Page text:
GAO indicated that the processes for implementing the SA and NPL approaches, while similar in many ways, have several differences. EPA has accounted for some of these differences in its SA guidance by listing specific provisions for SA agreements with potentially responsible parties (PRP), such as owners and operators of a site. One such provision helps ensure cleanups are not delayed by a loss of funding if the PRP stops cleaning up the site. However, some EPA regions have entered into agreements with PRPs at sites that officials said were likely eligible for the SA approach without following the SA guidance. Such agreements may not benefit from EPA's provisions for SA agreements. EPA headquarters officials said the agency prefers regions to use the SA approach at such sites, but EPA has not stated this preference explicitly in its guidance. In addition, EPA's tracking and reporting of certain aspects of the process under the SA approach differs from that under the NPL approach. As a result, EPA's tracking of SA agreement sites in its Superfund database is incomplete; the standards for documenting the NPL eligibility of SA agreement sites are less clear than those for NPL sites; and EPA is not publicly reporting a full picture of SA agreement sites. Unless EPA makes improvements in these areas, its management of the process at SA agreement sites may be hampered.

    The SA agreement sites showed mixed results in completing the cleanup process when compared with 74 similar NPL sites GAO analyzed. Specifically, SA agreement and NPL sites in GAO's analysis showed mixed results in the average time to complete negotiations with PRPs and for specific cleanup activities, such as remedial investigation and feasibility studies, remedial designs, and remedial actions. In addition, a lower proportion of SA agreement sites have completed cleanup compared with similar NPL sites. SA agreement sites tend to be in earlier phases of the cleanup process because the SA approach began more recently than the NPL approach. Given the limited number of activities for both NPL and SA agreement sites in GAO's analysis, these differences cannot be attributed entirely to the type of approach used at each site. Among other things, GAO recommends:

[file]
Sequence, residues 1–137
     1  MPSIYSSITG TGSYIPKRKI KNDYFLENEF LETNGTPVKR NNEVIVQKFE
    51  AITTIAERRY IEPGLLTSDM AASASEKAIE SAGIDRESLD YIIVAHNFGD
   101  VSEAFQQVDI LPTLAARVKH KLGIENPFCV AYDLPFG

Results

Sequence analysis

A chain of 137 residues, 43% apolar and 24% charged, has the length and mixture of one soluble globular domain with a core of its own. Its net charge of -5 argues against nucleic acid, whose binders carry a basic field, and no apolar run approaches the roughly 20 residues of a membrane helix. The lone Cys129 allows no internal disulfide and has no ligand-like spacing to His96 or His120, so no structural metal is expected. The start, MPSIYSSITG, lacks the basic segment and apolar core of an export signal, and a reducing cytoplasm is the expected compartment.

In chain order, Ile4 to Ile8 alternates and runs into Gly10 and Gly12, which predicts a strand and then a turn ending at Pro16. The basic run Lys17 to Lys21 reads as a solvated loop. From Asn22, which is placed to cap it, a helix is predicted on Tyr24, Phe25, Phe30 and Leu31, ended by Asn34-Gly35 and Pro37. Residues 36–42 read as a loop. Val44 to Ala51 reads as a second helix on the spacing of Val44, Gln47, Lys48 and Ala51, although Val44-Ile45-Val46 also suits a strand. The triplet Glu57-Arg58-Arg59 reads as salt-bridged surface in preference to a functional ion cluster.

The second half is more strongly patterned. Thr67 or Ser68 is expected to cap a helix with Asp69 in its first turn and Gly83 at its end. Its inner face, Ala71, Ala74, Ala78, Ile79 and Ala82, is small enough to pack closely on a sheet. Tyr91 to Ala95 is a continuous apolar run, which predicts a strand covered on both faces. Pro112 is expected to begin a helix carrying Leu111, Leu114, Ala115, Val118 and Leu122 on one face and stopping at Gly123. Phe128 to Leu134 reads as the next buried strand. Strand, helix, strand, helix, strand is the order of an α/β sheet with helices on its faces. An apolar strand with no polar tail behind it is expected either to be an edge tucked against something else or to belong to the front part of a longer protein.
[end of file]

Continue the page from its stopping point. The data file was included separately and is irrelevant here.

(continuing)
• the Administrator should provide guidance to EPA regions that defines each type of OCA deferral and what constitutes adequate documentation for OCA deferral and completion of cleanup; 
  • the Administrator should develop a method for EPA headquarters to identify and track other sites with long-term cleanups under the Superfund program (i.e., those that are outside of the NPL and SA approaches);
  • the Administrator should update EPA's written policies on SA agreement sites, including taking steps such as clarifying whether the SA approach is EPA's preferred approach for long-term cleanup of sites under the Superfund program and outside of the NPL, specifying what documentation is sufficient to support the Hazard Ranking System score at SA agreement sites, and defining when the database code that identifies sites with SA agreements should remain in place; and
  • the Administrator should report performance information on the progress of cleanup at SA agreement sites in a manner that is equivalent to such reporting for NPL sites.